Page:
As I already mentioned, there is the joy of the Incarnation and of Christmas. Joy announced by the angel (Luke 2:10), discovered by shepherds (Luke 2, 20) and by the Magi (Matthew 2:10), manifested by the aged Simeon and the prophetess Anna (Lk 2.25 to 38). The joy of Christmas comes from contemplating the beginning of our wonderful destiny of redeemed and our return to paradise. “In this day has been planted on the ground the condition of the citizens of heaven, the angels come into communion with men, who entertain themselves without fear with the angels. This is because God came down to earth and man has ascended to heaven. There is no more separation between heaven and earth, between angels and humans “(St. John Chrysostom). The Byzantine liturgy exclaims: “O world, sing and dance at the news (of the virgin birth of Mary), with the angels and shepherds glorify Him who wanted to show Himself as a child, God before the ages.” Joy of love, joy of union, high tenderness of the superabundant and bright happiness!

Finally, there is the joy of Easter which we are preparing for. It touches the highest pinnacle and finally explodes in the resurrection, indispensable complement to the death of the Lord and for our salvation. The Gospels gush of the beatific joy that passes from the angels to Mary Magdalene, the Apostles and the disciples of Emmaus. On the bewildered faith of all his followers, Jesus sheds the light of his glorious life, enlightens them and welcomes them. “And they departed quickly from the sepulcher with fear and great joy, and ran to tell his disciples” (Mt 28, 8). “The disciples rejoiced when they saw the Lord” (Jn 20:20).

All this is summed up beautifully by St. Thomas Aquinas, who says: “Joy is the enjoyment of a sure good,” good that faith allows to see and enjoy.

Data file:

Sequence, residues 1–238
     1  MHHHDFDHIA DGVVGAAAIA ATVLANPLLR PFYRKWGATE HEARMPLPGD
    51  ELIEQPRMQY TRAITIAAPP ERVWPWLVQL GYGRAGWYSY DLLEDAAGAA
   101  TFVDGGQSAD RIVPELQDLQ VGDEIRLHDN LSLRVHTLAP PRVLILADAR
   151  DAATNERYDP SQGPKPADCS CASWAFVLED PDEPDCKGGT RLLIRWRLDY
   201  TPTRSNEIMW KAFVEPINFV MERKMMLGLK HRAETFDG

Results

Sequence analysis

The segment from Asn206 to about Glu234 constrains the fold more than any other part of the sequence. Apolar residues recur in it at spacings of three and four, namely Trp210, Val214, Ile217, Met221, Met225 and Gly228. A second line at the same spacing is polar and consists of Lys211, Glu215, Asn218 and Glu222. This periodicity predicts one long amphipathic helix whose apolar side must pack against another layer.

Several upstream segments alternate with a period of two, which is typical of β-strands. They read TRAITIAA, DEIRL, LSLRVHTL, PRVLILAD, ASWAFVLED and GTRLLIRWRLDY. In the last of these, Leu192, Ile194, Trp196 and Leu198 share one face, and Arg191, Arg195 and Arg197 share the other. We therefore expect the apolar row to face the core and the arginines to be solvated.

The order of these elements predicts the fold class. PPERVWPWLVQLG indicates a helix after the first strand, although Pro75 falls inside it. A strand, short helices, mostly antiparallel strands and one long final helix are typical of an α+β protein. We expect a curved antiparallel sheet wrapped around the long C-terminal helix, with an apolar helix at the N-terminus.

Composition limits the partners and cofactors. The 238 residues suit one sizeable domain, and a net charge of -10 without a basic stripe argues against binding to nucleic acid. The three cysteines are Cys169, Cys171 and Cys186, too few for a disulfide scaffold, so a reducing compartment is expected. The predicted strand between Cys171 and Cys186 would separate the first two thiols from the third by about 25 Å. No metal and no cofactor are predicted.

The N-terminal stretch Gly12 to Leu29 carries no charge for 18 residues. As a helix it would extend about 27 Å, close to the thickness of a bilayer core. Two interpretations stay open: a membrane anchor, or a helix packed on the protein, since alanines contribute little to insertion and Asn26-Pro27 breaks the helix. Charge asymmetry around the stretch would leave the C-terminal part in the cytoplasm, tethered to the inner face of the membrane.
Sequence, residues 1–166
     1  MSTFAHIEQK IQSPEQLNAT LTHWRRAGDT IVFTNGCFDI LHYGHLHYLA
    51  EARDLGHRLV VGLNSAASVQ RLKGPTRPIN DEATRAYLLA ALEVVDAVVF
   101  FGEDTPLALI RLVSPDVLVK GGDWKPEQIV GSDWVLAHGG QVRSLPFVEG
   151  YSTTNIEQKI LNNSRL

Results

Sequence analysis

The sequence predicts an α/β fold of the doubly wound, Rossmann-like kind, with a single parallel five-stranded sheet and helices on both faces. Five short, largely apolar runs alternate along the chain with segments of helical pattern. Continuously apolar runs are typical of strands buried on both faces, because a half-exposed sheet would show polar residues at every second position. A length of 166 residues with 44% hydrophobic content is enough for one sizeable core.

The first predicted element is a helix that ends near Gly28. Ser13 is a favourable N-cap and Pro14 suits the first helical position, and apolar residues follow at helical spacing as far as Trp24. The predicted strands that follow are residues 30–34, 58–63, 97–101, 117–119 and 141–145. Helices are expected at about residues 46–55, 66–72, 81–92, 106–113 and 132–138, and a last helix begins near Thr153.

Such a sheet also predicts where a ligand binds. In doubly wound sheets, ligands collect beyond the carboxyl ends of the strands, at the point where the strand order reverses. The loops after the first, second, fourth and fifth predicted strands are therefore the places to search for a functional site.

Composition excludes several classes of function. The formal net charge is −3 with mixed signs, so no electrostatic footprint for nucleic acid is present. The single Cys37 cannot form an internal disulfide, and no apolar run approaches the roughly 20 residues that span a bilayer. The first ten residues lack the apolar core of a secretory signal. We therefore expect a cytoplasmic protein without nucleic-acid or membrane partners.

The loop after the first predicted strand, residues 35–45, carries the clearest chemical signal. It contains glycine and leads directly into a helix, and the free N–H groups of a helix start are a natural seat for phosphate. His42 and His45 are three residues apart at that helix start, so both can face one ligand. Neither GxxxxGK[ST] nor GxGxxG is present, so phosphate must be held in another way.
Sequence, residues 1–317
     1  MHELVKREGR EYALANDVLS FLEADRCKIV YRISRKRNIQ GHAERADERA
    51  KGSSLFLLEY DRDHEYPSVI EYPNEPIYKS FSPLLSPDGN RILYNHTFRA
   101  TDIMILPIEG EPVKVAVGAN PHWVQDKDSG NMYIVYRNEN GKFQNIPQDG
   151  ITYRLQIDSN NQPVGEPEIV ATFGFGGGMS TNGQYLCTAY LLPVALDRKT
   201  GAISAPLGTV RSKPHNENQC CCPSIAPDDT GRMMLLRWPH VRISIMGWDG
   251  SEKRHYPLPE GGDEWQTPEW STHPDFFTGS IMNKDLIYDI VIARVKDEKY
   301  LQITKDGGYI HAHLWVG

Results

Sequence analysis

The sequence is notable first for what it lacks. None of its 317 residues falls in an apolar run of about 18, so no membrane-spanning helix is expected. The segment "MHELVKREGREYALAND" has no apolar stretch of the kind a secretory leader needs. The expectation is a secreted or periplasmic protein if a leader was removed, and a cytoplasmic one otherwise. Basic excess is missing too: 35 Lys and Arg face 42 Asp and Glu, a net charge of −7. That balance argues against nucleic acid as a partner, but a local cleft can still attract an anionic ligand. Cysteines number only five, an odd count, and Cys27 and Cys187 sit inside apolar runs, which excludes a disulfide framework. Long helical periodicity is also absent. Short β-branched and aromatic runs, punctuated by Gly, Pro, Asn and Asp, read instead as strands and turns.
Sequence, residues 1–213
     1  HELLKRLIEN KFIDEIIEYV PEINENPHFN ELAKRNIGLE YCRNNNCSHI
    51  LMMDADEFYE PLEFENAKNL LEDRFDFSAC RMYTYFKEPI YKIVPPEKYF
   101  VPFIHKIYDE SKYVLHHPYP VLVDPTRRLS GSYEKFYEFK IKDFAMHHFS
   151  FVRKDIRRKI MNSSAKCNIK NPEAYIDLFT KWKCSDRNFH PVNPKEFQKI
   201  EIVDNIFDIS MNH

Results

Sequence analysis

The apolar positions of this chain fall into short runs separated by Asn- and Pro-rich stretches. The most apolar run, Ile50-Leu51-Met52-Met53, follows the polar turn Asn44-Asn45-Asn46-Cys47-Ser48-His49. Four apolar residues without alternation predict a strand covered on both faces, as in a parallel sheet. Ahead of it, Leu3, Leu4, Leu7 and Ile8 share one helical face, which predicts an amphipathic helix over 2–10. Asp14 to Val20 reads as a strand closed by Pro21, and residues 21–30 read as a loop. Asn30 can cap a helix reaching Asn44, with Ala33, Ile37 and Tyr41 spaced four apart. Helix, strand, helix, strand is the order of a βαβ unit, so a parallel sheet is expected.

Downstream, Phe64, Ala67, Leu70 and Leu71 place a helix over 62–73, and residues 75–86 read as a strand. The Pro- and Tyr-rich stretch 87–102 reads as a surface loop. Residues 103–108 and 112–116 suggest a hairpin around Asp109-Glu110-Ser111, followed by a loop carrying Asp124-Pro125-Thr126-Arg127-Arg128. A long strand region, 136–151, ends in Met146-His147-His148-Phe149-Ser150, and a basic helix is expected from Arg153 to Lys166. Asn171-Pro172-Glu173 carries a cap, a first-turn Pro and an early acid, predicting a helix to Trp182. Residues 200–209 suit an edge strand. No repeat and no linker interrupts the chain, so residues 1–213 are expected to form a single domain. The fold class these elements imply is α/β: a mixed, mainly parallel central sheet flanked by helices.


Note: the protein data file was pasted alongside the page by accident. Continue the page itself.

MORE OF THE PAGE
2) The Bread of Truth is the Bread of Joy

It is said that faith is blind, but that is an incorrect saying. Faith allows seeing what the eyes of the body and simple human intelligence cannot see. Faith is to see what God sees “For the man sees the appearance but the Lord looks at the heart “(First Reading).

Healing or not, it is only faith that allows me to “see” how God sees from its infinite wisdom. As it is written “In your light we see light “(Ps 35, 10).

“Walk as children of light, and now the fruit of the light consists in all goodness, righteousness and truth. Try to figure out what pleases the Lord. Have no fellowship with works of darkness, which bear no fruit, but rather reprove them.” (Second Reading)

During this Lent, a time of conversion to the light that comes from God, let’s meditate on the fact that our life is a breath which ends in a moment, and ask the Lord to increases in us the light of faith not to discuss who to blame for the ills of the world, but to make the Gospel and Jesus Christ the rule of our lives. We are dead even before we actually die if we do not believe in the resurrection from the dead and in the One who guides us toward Easter.

Let us identify with the man born blind who, gone out from from blindness and the interrogation, enters disappointed and confused in the world of those who think that they see. With him let’s go back to meet Jesus who asks him if he believes in him, if he sees Him as the true man and the true God, the Savior of the world.

I can feel his thrill in recognizing that voice and in fixing his gaze on those eyes full of light. I kneel with him in front of Jesus in the Eucharist. I do not think because I have been miraculously cured … I believe that my life is a miracle, even when it is shrouded in darkness. I believe that God loves me and is near me. I listen to his voice in the Bible, I do what He says through the Church, and I go where He sends me. I go to confession to be washed by his innocent blood and heal from my guilty and by my inability to see as He sees everything I am, what I could be and what happens to me .